Martin Vincent Bloedorn is a Brazilian CAD enthusiast who says he enjoys learning languages from C++ to Japanese, “fiddling on my 3D printer,” and playing the drums.
This project from Bloedorn qualifies as considerably more than “fiddling.” It’s a 3D printed prosthetic hand which in many ways functions just like a human hand, but it uses actuated motors with a linkage that drives each finger via a threaded rod.
The motor and drive screw alone are capable of lifting a couple of pounds, and Bloedorn’s design uses the servo motor’s potentiometer to create a feedback loop that uses the position of each finger to drive electronics.
Bloedorn says, despite the high level of sophistication of his device, the real key was to make certain the Biohand would be relatively inexpensive.
“I live in Brazil,” Bloedorn says. “Here – unfortunately – lots of components are expensive or hard to get. This constrained a lot of design choices. I tried my best to use solely open-source development tools (or, in worst cases, free-of-charge ones).”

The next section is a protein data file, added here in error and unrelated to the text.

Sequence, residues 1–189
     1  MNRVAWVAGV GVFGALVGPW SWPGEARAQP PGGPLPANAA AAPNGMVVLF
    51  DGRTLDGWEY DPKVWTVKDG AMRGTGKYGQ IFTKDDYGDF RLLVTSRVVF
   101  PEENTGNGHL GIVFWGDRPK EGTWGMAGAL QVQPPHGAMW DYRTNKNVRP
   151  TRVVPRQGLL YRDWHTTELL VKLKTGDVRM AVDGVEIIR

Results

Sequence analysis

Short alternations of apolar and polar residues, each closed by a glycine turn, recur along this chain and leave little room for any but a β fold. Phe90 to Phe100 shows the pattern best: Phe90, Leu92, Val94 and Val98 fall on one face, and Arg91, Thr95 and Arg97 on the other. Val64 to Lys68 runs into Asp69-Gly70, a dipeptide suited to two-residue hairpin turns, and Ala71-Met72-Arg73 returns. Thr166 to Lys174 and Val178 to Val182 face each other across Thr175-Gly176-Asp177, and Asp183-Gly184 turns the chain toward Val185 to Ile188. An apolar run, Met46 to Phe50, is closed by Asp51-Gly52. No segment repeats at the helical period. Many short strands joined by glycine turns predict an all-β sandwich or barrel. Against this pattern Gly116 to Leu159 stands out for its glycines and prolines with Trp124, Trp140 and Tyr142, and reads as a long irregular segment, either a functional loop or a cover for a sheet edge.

The fingers in the hand are actuated individually and make use of a 4-bar linkage which synchronizes the movement of the proximal and distal phalanges. Fully enclosed in the palm, the location of the actuator virtually guarantees that wrist disarticulation or transradial amputation victims can safely use the hand.
The selection of standard RC servo motors was made as Bloedorn says they can be picked up nearly anywhere in the world and a number of their internal parts are very similar across the full range of manufacturers. He says he used the DC motor and a pair of gears from a common metal RC servo to design his 3D printable linear actuator. It uses a standard, 25mm M3 piece as a “leadscrew” to drive the hand.
Bloedorn created all the mechanical designs for the Biohand in Autodesk Inventor. Though that’s not open-source software, he was okay with that choice as a 3-year Pro license is available for students.
The system is powered by a 2S LiPo battery, and the micro servo for the thumb will ultimately use an LM317 or a LM1117 regulator.
Bloedorn adds that though his current prototype lacks aesthetically pleasing covers, they’re on the way in a later iteration of the design.
You can check out the complete design documentation for the Biohand on Hackaday here, and Bloedorn adds that he plans to continue development of the project.
What do you think about this 3D printed, open-source, servo-driven prosthetic hand from Brazilian designer Martin Vincent Bloedorn? Let us know in the Open Source 3D Printed Biohand forum thread on 3DPB.com.
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